To Vaccinate or Not to Vaccinate?: The Implications of the Anti-Vaccination Movement on the International Community

By Rebecca Bradley

“Government exists to protect us from each other. Where government has gone beyond its limits is in deciding to protect us from ourselves.”
–President Ronald Reagan


In the United States, an increasing number of parents are refusing to vaccinate their children. [1] With the measles outbreak at Disneyland in California in 2015, the Anti-Vaccination Movement has gained more public attention. The outbreak that occurred at Disneyland was the worst measles outbreak in years in the United States. [2] Parents have given various arguments as to why they refuse to vaccinate their children, including the safety and effectiveness of the vaccines, alternative medicine, civil liberties, conspiracy theories and mortality and religion. [3] Although there are no federal vaccination laws in the United States, most states individually require children to have certain vaccinations for school and day care. [4] In 1905, the “Supreme Court endorsed the right of states to pass and enforce compulsory vaccination laws” in Jacobson v. Massachusetts. [5] By the beginning of the 1980’s, all 50 states had school immunization requirements, which were found to be constitutionally permissible by the Supreme Court in 1922. [6] However, many states have exemptions to the immunization requirements. [7] Parents can receive these exemptions for medical, personal or religious reasons. [8] The states vary on the strictness of their vaccination requirements. Some states, such as Michigan and Wisconsin allow parents to receive exemptions for medical, personal or religious reasons. [9] Other states such as Illinois, allow for medical and religious exemptions only. [10] California has a very strict policy and is the only state that allows for medical exemptions only. [11] While this movement has gained prominence in the United States, parents who refuse to vaccinate their children, also known as “anti-vaxxers,” are not unique to the United States. [12]

International Vaccination Policies

            Various countries have policies on vaccinations for children. These policies vary from a laissez-faire approach to mandatory vaccinations. Pakistan has a very strict policy regarding polio vaccinations for children. [13] According to the Islamabad Compulsory Vaccination Bill, which was enacted into law recently, parents must get children vaccinated against polio. [14] Many parents have refused to allow their children to get this vaccination due to religious reasons and fear of Western influence. [15] The Taliban has also banned these vaccinations in areas under their control. [16] Under the bill, if parents refuse to get their child vaccinated, they can be arrested and “freed only after a written assurance and proving two guarantors stating that their children would receive the vaccine.” [17] However, Pakistan does allow for medical exemptions. [18] In France, parents have also been arrested for refusing to get their children vaccinated. [19] Children and adults must get vaccinated for polio, diphtheria, and tetanus. [20] A couple was sentenced to a two month suspended prison sentence for refusing to have their children receive these vaccinations. [21] Australia has found other ways to reprimand anti-vaxxers instead of being arrested. In 2015 the government passed a ‘no jab, no pay’ policy, which went into effect on January 1, 2016. [22] More than 39,000 children under the age of 7 were not being vaccinated because of parental objections. [23] Under this new policy, parents must meet the immunization requirements to be eligible to receive child care benefits from the government. [24] There are exemptions for medical reasons and a Secretary’s exemption. [25] Also, religious exemptions can be received but under limited circumstances. [26] In order to receive an exemption for religious grounds the individual must be affiliated with a group that has been registered and approved by the government. [27]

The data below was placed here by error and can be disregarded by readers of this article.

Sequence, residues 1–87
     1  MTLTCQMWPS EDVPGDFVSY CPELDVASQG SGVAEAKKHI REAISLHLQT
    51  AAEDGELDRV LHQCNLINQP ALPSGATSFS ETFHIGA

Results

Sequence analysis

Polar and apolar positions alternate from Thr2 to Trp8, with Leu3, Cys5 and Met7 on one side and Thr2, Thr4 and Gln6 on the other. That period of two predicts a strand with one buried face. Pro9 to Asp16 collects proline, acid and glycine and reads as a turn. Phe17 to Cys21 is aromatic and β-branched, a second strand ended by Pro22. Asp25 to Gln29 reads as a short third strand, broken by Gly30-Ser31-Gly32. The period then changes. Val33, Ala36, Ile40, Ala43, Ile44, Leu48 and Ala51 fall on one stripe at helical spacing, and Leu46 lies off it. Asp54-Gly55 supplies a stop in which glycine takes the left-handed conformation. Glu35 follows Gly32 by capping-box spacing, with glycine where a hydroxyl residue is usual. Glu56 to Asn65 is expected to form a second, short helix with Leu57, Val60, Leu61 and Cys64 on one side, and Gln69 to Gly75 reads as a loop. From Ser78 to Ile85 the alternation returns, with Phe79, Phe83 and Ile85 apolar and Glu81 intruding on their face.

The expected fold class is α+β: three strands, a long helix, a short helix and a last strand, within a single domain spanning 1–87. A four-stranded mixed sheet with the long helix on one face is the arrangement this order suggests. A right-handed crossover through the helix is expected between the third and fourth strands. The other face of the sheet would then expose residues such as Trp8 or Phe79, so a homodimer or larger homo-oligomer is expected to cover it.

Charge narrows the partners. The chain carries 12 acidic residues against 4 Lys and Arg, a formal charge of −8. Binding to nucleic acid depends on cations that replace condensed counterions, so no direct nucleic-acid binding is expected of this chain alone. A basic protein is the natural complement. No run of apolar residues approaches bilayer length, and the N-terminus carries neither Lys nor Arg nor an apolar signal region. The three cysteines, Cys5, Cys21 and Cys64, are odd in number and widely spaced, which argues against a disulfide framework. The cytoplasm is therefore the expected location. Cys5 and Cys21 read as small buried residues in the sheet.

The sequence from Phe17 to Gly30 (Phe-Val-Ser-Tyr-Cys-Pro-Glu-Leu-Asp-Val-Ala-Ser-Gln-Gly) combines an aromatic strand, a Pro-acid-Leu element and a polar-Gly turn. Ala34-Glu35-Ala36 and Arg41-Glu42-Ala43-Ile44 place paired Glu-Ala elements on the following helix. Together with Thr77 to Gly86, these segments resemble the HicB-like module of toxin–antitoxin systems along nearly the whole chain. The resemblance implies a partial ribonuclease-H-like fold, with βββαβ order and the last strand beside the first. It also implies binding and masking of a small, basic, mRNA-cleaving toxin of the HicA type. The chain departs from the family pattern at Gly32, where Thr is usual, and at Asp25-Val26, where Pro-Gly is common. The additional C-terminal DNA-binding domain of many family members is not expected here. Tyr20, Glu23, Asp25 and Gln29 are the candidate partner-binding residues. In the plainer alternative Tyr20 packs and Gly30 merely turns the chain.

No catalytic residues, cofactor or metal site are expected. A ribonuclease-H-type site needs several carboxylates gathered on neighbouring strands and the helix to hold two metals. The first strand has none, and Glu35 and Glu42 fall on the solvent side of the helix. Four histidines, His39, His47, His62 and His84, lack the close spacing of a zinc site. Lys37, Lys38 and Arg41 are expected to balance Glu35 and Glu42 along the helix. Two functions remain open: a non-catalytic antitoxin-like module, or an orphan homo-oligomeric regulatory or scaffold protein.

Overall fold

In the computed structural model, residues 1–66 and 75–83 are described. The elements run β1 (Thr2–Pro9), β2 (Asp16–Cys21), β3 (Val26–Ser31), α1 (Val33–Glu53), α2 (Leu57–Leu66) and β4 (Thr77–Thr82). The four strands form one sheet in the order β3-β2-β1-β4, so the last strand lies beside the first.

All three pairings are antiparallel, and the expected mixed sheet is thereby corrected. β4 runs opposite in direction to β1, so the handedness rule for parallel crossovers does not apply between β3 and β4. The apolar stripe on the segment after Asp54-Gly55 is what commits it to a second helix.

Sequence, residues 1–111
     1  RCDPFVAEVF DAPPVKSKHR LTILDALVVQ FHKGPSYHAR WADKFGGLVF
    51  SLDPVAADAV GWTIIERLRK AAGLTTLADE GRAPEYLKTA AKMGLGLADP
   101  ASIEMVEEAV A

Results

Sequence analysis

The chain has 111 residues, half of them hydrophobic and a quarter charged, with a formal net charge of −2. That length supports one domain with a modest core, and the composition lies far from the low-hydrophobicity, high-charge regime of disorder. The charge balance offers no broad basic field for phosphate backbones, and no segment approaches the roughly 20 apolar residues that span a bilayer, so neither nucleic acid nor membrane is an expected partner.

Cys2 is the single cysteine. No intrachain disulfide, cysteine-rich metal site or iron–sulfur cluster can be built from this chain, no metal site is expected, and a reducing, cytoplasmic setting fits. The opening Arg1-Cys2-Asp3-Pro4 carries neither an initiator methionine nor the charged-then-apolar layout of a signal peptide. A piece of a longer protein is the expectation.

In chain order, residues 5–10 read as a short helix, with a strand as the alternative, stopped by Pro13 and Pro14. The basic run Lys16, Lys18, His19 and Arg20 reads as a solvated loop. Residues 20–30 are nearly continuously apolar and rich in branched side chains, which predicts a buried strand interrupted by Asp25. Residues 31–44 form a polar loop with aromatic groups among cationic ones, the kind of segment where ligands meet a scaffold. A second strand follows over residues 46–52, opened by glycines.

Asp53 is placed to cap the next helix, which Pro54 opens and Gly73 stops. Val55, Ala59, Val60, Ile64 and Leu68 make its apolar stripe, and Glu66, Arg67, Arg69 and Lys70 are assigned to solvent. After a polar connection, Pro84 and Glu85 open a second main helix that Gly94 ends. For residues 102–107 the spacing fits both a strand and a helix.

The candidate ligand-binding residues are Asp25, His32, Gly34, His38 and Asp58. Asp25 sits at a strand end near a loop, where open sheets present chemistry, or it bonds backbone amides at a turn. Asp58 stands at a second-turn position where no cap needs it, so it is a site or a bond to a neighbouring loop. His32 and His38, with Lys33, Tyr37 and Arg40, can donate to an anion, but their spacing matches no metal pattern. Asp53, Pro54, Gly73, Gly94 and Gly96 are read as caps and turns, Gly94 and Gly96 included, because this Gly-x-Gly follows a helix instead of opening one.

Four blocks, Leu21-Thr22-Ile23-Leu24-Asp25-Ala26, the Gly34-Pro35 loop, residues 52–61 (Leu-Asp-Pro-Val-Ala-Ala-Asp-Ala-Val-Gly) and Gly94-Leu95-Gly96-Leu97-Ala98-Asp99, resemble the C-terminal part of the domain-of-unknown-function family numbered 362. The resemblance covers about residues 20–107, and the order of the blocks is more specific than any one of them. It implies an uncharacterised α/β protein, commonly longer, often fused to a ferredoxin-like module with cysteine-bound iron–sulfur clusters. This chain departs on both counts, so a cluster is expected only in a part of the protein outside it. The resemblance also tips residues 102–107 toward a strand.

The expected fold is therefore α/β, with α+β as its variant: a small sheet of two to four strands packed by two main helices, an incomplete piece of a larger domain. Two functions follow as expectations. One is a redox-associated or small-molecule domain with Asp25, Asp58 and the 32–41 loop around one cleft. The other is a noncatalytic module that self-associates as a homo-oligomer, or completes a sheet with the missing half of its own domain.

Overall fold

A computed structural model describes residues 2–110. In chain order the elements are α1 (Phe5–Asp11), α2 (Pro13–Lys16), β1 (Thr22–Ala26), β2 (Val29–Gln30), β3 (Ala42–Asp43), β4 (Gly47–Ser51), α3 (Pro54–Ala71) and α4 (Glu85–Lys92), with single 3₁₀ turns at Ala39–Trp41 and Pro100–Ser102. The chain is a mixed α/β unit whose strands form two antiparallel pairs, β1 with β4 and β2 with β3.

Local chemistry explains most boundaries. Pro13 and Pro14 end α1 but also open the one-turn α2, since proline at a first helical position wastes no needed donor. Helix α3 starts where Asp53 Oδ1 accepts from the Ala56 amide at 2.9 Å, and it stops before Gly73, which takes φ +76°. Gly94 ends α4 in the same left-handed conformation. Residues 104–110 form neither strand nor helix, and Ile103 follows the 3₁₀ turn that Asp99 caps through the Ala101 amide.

On the other hand, Canada, Germany and the United Kingdom all have less stringent policies regarding vaccinations. In Canada, only three provinces have compulsory school-entry vaccination laws for children. [28] Like the United States, Canada allows for the individual provinces to formulate their own policies instead of having a policy for the country as a whole. [29] Ontario, New Brunswick, and Manitoba are the only provinces with legislated vaccination policies. [30] Also, exemptions are easily obtained and allowable. [31] The United Nations has expressed concern and noted that Canada was “one of the few industrialized countries in the world with a vaccination rate of less than 85%.” [32] Likewise, in Germany and the United Kingdom, childhood vaccines are not compulsory and there are no school or day care requirements regarding immunizations. [33] However, in the United Kingdom, levels of immunization are generally high. [34]